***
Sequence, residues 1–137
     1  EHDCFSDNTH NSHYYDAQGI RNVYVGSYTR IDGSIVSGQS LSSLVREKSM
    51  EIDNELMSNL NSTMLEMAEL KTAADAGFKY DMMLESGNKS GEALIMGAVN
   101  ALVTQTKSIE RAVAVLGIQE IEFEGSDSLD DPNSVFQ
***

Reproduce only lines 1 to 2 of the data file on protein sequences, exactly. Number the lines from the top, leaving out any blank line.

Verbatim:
Sequence, residues 1–137
     1  EHDCFSDNTH NSHYYDAQGI RNVYVGSYTR IDGSIVSGQS LSSLVREKSM